Male Military Assault Victims Feel 'Betrayed' By Oscar-Nominated Doc The Invisible War


Before the major sexual assaults at Lackland Air Force Base were exposed, it was a long, silent slog for women in the military. But ever since, it’s been a banner year: abortion may be more readily insured, women like ex-Marine Sarah Anderson have come forward to let pundits have it for commenting that female officers in the military should “expect” to be raped. The Invisible War, a documentary dealing with military sexual assault, has been nominated for an Oscar. It looks like conditions are improving.

But two of the assault victims who appeared in The Invisible War say that director Kirby Dick should be “ashamed and embarassed” that most of their stories ended up on the cutting room floor. Specifically, Michael Matthews and Brian Lewis, who feel “betrayed” and “abandoned” by Dick, as well as the overall legislative and social attention being paid to female military assault victims (of the estimated 19,000 sex offense victims in the armed forces, 10,000—56%—are men and 9,000 women.) Lewis only has a 10-second soundbite in the film, and 5 minutes of the total 2-hour running time are devoted to male victims, none of whom are listed along with the six female victims on the documentary’s website.

Matthews asked NBC News:

“What the fuck is that about? […] [Dick] is making millions of dollars but he’s not bringing any of the men to any these appearances all over the country like he’s bringing the women. I appreciate them putting us in the movie but, now, the men are not being represented at all. He has turned his back on us. And the movie, some of it, is hurting us.”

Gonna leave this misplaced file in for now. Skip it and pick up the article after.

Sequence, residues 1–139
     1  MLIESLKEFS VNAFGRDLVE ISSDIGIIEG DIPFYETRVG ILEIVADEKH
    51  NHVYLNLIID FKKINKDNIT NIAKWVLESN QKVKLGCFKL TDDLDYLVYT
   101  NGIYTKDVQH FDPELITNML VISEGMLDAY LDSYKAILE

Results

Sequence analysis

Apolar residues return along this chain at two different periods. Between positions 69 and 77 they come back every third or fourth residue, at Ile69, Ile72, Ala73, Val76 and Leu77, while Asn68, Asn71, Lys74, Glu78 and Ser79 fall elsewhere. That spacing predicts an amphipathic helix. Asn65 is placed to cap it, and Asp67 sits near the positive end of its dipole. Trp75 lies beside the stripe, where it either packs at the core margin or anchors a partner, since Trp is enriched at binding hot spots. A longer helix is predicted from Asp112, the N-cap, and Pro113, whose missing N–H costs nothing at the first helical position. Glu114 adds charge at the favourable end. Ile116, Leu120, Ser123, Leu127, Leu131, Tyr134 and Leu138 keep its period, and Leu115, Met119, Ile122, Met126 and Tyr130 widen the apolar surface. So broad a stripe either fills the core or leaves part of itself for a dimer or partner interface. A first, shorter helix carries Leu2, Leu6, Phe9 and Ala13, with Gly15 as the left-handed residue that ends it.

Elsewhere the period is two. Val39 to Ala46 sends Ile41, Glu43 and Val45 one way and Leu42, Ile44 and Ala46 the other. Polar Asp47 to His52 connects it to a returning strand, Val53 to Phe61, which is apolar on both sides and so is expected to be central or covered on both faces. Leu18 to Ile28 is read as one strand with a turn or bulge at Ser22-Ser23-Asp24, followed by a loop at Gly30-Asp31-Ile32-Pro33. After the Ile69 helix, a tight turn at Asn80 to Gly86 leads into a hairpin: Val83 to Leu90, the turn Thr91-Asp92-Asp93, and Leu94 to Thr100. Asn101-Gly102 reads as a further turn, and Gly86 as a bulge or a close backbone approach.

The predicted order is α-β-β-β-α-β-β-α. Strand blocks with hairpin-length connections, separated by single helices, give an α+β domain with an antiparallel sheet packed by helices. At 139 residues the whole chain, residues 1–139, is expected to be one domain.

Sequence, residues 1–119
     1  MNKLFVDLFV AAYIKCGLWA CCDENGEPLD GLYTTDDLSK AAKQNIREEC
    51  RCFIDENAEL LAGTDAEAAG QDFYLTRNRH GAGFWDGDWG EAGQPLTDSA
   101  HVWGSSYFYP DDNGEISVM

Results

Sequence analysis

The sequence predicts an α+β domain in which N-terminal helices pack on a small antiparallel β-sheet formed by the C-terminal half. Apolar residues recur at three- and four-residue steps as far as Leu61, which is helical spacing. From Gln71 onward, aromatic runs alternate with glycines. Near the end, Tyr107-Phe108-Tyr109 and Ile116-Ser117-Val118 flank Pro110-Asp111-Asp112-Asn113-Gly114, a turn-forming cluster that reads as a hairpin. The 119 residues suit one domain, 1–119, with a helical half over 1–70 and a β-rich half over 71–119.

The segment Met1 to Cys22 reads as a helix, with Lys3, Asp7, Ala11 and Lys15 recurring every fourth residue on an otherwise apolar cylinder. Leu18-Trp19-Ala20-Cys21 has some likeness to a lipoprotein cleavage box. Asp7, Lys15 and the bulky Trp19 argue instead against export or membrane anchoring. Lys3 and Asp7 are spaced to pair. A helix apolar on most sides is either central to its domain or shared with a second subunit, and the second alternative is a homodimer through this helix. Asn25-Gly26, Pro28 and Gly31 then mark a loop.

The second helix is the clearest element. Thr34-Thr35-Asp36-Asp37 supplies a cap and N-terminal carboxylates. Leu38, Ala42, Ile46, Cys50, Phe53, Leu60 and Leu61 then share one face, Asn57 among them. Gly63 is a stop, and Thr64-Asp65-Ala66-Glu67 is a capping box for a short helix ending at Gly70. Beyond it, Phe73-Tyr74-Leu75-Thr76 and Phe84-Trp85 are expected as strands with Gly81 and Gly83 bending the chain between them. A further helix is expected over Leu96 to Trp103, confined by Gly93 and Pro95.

A Washington D.C. lawyer who reps both male and female military assault victims echoes Matthews’ statement: “”There’s a lot of disappointment in the male survivor community that this keeps being talked about as a ‘women’s issue,’ and it’s not.”

Dick agreed that male military sexual assault victims are often “kept in the shadows” and confirmed that the film’s producer intentionally focused more on female victims, but with the goal of inspire change on behalf of victims of either gender.

“In terms of making the film, we felt the entry point in this discussion was more women being assaulted because we felt it was a discussion that people would start to have. Our essential goal here is to have the military continue to change its policy (on investigating rape reports and disciplining predators) so that all men and women are protected in the military … We felt that once the country started putting pressure on the military to make these changes, if and when the military does make changes, those will apply to men just as they will women. So we kind of felt women would get the discussion going and push the military to make the change for everyone.”

‘Male sexual assualt victims slam Oscar-nominated filmmakers over focus on women’ [Oh No They Didn’t]

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